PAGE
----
8 MS treatment commences, the more effective the drugs are. It is also important for any person starting drug treatment to recognise that, while these drugs are a long-term commitment, they are not necessarily a life-long commitment. While these drugs may prove effective over a long period of time, they will not necessarily maintain the same level of effectiveness. Your health professional will regularly review your treatment and advise if and when switching or stopping treatment altogether needs to be considered. Self-administered drugs ii) How the drugs work Interferon beta Interferons are proteins produced naturally by the human body. They help to fight infections and play an important role in the functioning of the immune system. There are three types of natural interferon: alpha, beta and gamma. Alpha interferons are used in the treatment of some cancers but have not proven beneficial in the treatment of MS. Gamma interferons are thought to induce MS symptoms. Beta interferons are thought to work by blocking the action of the gamma interferons thereby reducing the autoimmune reaction that results in inflammation and destruction of myelin. 08 There are two different types of interferon beta used in the treatment of MS: interferon beta 1a (Avonex and Rebif) and interferon beta 1b (Betaferon and Extavia). The differences between them lie in the way they are manufactured.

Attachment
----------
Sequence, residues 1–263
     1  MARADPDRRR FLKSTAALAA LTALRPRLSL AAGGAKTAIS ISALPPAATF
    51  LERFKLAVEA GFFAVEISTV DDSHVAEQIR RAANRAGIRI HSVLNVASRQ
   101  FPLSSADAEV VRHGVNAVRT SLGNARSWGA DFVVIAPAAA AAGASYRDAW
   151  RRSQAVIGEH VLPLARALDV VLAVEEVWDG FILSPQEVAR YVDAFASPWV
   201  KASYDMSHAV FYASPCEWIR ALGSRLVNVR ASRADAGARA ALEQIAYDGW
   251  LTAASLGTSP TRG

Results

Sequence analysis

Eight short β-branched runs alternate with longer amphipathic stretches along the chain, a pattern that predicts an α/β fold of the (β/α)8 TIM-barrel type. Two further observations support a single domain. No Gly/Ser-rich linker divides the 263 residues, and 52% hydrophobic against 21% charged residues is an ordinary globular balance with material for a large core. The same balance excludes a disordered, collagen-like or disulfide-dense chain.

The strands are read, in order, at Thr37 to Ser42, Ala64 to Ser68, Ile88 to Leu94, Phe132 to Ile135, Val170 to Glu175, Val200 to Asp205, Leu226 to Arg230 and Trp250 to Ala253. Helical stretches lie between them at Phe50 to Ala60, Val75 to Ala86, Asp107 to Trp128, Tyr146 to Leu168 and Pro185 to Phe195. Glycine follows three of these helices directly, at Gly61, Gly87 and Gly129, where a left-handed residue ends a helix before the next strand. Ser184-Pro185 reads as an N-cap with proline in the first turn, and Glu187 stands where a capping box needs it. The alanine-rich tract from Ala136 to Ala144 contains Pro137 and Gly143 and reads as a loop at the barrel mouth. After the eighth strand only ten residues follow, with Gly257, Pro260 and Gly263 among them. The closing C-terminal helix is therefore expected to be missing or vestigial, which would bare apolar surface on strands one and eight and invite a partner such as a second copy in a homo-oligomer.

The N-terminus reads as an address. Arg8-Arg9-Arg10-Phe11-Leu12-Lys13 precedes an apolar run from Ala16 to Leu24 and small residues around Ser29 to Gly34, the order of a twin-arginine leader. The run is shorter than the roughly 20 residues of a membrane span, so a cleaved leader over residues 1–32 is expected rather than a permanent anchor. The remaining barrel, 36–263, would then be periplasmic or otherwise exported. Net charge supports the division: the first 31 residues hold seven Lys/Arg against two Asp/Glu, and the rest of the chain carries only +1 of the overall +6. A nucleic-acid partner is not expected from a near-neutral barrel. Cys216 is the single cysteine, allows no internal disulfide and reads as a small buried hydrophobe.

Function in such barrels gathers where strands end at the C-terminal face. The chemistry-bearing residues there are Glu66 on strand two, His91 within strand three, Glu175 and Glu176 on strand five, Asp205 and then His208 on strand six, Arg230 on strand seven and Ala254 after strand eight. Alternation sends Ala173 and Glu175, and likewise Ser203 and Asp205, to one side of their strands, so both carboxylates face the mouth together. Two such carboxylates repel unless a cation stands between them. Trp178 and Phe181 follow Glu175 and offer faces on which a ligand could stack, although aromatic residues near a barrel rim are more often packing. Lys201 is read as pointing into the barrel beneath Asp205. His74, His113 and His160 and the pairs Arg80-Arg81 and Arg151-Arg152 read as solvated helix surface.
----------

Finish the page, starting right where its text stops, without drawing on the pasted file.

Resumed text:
9 Glatiramer acetate Glatiramer acetate (Copaxone) has a different mode of action to interferon beta. It is thought to prevent the production of myelin reactive immune cells cells responsible for the destruction of myelin and induce the generation of anti-inflammatory immune cells. This combined effect dampens down the inflammation occurring in the central nervous system, thereby reducing the damage to myelin and nerve fibres. Hospital-administered drug Natalizumab Natalizumab (Tysabri) is a selective adhesion molecule inhibitor (SAMI). It is designed to prevent the passage of immune cells (white blood cells) across the blood-brain barrier. It does so by binding itself to a specific adhesion molecule on the immune cell surface known as alpha-4 integrin, preventing the attraction between the surface of these cells and the surface of the blood-brain barrier. The drug thereby prevents the migration of the immune cells into the central nervous system and the subsequent immune cell activity that leads to nerve damage and destruction. iii) Eligibility criteria Because the disease modifying drugs act in different ways, not every person with MS will benefit from, or even respond to, the drugs in the same way. For this reason guidance has been issued setting out the eligibility criteria for the prescribing of the licensed drugs. Self-administered drugs Prescribing guidelines The Association of British Neurologists (ABN) published guidance for the treatment of multiple sclerosis with interferon beta and glatiramer acetate in The guidance is subject to ongoing review so people considering disease modifying drugs should discuss all issues relating to eligibility with their consultant or MS nurse. 09